# Why does east and west appear to be mirrored in the celestial sphere?

I'm wondering why East is left and West on the right of the celestial sphere if you look at images of it?

Example below:

(source)

• Upvoted-- why did someone downvote? It's a legitimate question
– user21
Commented May 19, 2020 at 16:14
• I can't reply to any comments yet, which I find rather strange. Restricting language, communication, shared knowledge, but hey it's not my site. @planetmaker thank you for your comment. I'm a proper newbie, and it placed layman into my questioning of understanding. I now know why east looks west whilst viewing from different points of view. Thank you x Commented May 30 at 22:03

You're viewing the celestial sphere from the inside looking outwards, as opposed to maps of the Earth's surface which are viewed from the outside looking inwards.

Imagine drawing a map on a sheet of glass. When you view the map from the other side, it will appear mirrored.

• Too bad comments have a minimum length so I can't comment just "REDRUM"
– user21
Commented May 19, 2020 at 16:14

Maps of the sky are being used to actually get to know the sky. Thus you take the map and hold it above your head (as opposed to a map of the Earth's surface where you look down on Earth). Thus East and West are switched between that two types of maps, so that directions match actual directions when viewing the map.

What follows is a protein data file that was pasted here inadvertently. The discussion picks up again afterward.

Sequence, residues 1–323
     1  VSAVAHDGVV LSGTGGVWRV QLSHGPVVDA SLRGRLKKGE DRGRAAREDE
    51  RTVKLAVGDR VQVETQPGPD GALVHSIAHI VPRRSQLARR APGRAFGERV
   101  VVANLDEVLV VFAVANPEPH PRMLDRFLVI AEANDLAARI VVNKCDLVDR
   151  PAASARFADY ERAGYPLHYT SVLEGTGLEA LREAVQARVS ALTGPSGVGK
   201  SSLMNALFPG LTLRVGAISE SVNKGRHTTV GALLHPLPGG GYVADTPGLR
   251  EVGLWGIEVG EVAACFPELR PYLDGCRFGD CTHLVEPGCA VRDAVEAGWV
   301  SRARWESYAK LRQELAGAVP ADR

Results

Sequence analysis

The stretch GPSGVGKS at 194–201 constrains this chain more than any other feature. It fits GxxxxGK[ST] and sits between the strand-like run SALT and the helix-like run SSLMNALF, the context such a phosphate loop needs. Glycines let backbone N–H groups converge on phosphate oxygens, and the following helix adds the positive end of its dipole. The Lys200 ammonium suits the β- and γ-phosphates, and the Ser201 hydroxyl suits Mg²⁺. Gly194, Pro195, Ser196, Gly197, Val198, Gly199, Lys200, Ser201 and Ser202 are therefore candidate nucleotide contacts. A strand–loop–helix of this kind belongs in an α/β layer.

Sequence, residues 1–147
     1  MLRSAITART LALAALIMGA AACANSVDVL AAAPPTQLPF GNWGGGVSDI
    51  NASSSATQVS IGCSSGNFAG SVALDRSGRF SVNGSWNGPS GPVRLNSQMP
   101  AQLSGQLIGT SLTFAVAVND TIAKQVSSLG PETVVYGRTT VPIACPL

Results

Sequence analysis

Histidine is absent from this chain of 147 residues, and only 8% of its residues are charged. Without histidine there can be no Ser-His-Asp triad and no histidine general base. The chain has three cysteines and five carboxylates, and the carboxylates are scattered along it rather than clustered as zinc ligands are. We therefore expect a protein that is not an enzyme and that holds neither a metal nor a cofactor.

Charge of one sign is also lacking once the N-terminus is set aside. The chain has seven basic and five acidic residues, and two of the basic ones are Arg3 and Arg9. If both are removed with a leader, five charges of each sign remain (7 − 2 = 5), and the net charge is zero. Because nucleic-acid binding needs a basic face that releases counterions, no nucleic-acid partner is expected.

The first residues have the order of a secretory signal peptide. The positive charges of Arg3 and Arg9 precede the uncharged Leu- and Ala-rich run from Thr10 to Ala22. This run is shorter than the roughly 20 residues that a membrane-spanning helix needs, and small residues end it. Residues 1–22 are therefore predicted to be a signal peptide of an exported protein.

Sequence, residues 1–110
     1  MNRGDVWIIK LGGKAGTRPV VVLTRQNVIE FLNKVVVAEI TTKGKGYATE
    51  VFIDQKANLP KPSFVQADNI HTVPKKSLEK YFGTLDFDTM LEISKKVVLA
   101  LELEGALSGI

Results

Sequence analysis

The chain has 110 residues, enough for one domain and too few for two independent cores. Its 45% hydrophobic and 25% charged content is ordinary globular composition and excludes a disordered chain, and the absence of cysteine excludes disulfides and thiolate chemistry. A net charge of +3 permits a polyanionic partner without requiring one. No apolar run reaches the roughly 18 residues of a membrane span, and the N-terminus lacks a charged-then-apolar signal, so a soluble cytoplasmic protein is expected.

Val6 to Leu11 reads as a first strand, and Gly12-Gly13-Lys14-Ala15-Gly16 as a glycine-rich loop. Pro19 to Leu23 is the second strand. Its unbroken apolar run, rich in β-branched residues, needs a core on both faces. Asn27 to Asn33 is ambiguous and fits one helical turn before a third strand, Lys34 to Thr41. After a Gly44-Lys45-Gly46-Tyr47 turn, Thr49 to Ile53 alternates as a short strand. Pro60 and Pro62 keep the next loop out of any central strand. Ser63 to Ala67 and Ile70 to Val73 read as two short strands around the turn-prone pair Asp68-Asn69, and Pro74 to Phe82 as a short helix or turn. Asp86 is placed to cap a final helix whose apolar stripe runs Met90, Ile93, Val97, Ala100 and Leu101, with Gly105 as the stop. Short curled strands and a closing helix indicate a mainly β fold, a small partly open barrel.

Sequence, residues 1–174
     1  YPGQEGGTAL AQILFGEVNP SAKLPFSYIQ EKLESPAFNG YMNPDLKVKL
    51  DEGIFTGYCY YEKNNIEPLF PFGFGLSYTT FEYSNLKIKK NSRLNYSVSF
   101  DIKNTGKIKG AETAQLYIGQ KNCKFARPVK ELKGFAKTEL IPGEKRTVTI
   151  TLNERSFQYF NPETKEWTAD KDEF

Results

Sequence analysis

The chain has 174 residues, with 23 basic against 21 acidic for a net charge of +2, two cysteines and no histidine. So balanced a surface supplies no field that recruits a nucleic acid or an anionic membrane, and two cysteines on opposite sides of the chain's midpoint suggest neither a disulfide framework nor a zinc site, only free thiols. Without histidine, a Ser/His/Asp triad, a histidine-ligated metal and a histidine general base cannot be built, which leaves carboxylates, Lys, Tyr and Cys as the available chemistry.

Both comments are perfectly valid. For clarity I would describe it this way, now that I understand it.

You have to imagine being inside the celestial sphere look outwards. From within the sphere you have (counter-clockwise, starting at the top) North, East, South and West. But if you view the sphere from the outside then of course East and West are swapped. And that is precisely because the coordinate system that is used to find the location of any specific point, on the surface of the sphere, is still used viewed from within the sphere.

Just another way of describing it, thanks for the other answers. Hope this helps.

• @MikeG But that is in contradiction with the other two answers. How could they be counter clockwise as viewed from within the sphere? Commented May 20, 2020 at 14:30
• The map in your question has N E S W counterclockwise. Commented May 20, 2020 at 15:39
• Correct, it is counter clockwise as seen from outside looking in. If you stand within the sphere looking out (i.e. out of the paper let's say) then it is clockwise. Or else I just don't understand it Commented May 20, 2020 at 16:22
• It shows the sky as we see it from inside the celestial sphere. Commented May 20, 2020 at 17:23
• Ok could you also explain why this is the case? I can't really do much with stating facts,sorry to be blunt Commented May 20, 2020 at 18:19